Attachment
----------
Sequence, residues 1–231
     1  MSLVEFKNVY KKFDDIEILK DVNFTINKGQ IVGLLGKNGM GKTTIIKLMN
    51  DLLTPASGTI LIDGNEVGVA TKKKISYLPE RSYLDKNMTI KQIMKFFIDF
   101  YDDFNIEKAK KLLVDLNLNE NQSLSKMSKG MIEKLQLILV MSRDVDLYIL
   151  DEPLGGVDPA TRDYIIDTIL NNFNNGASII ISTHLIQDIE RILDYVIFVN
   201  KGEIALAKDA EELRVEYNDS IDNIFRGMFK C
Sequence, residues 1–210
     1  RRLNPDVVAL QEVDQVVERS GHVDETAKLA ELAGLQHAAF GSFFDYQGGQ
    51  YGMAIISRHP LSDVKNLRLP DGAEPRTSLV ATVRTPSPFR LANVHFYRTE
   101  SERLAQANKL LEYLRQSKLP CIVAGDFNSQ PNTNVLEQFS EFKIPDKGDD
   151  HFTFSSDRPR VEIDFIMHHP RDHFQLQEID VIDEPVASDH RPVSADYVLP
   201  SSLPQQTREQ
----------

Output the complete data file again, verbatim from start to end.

Sequence, residues 1–231
     1  MSLVEFKNVY KKFDDIEILK DVNFTINKGQ IVGLLGKNGM GKTTIIKLMN
    51  DLLTPASGTI LIDGNEVGVA TKKKISYLPE RSYLDKNMTI KQIMKFFIDF
   101  YDDFNIEKAK KLLVDLNLNE NQSLSKMSKG MIEKLQLILV MSRDVDLYIL
   151  DEPLGGVDPA TRDYIIDTIL NNFNNGASII ISTHLIQDIE RILDYVIFVN
   201  KGEIALAKDA EELRVEYNDS IDNIFRGMFK C
Sequence, residues 1–210
     1  RRLNPDVVAL QEVDQVVERS GHVDETAKLA ELAGLQHAAF GSFFDYQGGQ
    51  YGMAIISRHP LSDVKNLRLP DGAEPRTSLV ATVRTPSPFR LANVHFYRTE
   101  SERLAQANKL LEYLRQSKLP CIVAGDFNSQ PNTNVLEQFS EFKIPDKGDD
   151  HFTFSSDRPR VEIDFIMHHP RDHFQLQEID VIDEPVASDH RPVSADYVLP
   201  SSLPQQTREQ